Background and foreground processes

You might have noticed that, when you launch a program, it takes over your terminal, preventing you from doing other work in the terminal. This is because most programs run in the foreground when invoked from the shell.

If you have a program that takes a long time to complete, you might want to run that program in the background. To do that, simply append an ampersand (&) to the command. For example, we might want to run the dd command which can take a lot of time. If we run the command as a foreground process we won’t be able to enter any more commands in our terminal window. However, we could run the dd command as a background process:

linux background process

The dd program now runs in the background. We can use the terminal window to enter other commands.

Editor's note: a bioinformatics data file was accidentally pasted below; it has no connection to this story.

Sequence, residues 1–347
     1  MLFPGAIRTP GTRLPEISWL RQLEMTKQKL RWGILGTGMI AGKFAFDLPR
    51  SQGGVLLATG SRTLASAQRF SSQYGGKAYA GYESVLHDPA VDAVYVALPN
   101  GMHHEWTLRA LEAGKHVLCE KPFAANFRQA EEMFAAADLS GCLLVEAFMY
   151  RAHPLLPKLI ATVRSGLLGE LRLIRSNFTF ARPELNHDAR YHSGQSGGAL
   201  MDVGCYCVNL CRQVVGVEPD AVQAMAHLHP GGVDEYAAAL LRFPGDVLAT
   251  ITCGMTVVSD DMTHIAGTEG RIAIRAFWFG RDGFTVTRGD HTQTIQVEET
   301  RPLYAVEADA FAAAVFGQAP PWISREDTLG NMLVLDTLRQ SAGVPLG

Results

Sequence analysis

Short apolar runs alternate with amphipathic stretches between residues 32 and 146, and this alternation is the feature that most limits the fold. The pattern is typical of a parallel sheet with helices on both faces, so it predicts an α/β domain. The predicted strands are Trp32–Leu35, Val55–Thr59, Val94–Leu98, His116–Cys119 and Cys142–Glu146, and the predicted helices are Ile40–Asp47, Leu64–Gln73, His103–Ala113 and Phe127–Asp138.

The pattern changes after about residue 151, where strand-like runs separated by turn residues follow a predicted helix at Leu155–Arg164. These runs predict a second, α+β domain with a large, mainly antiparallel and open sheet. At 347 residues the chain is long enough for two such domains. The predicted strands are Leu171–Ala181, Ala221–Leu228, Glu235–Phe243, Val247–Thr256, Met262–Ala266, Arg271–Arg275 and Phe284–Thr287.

What if a program is run as a foreground process and you want to use the terminal for something else? Well, you can suspend that program. To stop a running program and put it in the background, press Ctrl+Z. To run that program again in the foreground, type fg:

linux suspend a program

In the picture above you can see that we’ve started the dd command as a foreground process. We then suspended the program by pressing Ctrl+Z. We can now enter new commands in the terminal windows. To return the dd command to the foreground, we simply typed fg.

We could also type bg instead of fg. bg restores a job to running status, but in the background, so we can use the terminal to enter new commands.
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